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ANKARA Oct 14 Turkey's chief EU negotiator said
on Wednesday foreign authorities had no cause to intervene over
a record $3.3 billion tax fine imposed on Turkey's largest media
firm Dogan Yayin DYHOL.IS.
The EU executive had earlier voiced concern over treatment
of Dogan Yayin in a tax dispute that has raised doubts about
freedom of speech in the EU candidate country. Dogan newspapers
such as the best-selling Hurriyet have been strong critics of an
AK party government that commands a huge parliamentary majority.
"The tax fine imposed on the Dogan group is a matter for the
Turkish Finance Ministry, not foreign authorities, and if it
can't solve it, it is a matter for the Turkish judicial system,"
Turkey's Chief European Union negotiator Egemen Bagis told a
In its annual report on enlargement Brussels said Turkey
needed to step up political and economic reforms, improve the
rights of minorities, women and trade unions as well as
normalise relations with the Republic of Cyprus.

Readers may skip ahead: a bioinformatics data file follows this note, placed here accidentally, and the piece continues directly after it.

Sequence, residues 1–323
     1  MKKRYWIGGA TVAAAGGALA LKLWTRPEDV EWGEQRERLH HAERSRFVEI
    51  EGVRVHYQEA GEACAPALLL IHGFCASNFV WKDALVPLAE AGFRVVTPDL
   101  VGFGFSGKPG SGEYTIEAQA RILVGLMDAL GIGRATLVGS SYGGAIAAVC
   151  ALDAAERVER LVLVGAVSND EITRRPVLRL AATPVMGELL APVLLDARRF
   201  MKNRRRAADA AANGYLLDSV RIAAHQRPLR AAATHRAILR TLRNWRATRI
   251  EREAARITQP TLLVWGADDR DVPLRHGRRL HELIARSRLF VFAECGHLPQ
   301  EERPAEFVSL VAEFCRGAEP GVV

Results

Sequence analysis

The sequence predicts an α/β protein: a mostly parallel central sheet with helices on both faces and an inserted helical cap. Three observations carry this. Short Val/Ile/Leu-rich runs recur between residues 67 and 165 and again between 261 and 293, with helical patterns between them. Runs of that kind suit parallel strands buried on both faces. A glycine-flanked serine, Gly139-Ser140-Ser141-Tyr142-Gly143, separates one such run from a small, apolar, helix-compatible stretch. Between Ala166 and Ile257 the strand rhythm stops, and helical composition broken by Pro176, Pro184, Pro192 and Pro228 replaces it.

It also suggested the AK Party government might be treating
Dogan Yayin, which controls half of the Turkish private media
"We have serious concerns about tax fines for Dogan. I have
asked the Turkish authorities to treat this matter very
seriously," EU Enlargement Commissioner Olli Rehn said.
NEW EMERGING ELITE
The state has in the recent past seized entire companies or
assets of prominent businessmen. In 2007, the ATV-Sabah media
group was seized for irregularities and sold for $1.1 billion.
Turkey's tax authority has rejected collateral provided by
Dogan Yayin to fight the tax fine, placing a preliminary
injunction on the sale of shares in three of its units.
Dogan Yayin has accused the government of singling it out
because of critical coverage of Prime Minister Tayyip Erdogan's
government. AK denies the accusation.
Aydin Dogan has been accused of using his media outlet to
further his business interest and campaign against Erdogan, who
secularists in Turkey suspect harbours an Islamist agenda.
In recent years, the business landscape has seen a marked
change in Turkey with the emergence of a powerful conservative,
pro-AK Party elite that has challenged the dominance long
enjoyed by a secular business elite represented by families such
as Koc, Sabanci and Dogan.
(Reporting by Zerin Elci, writing by Daren Butler; editing by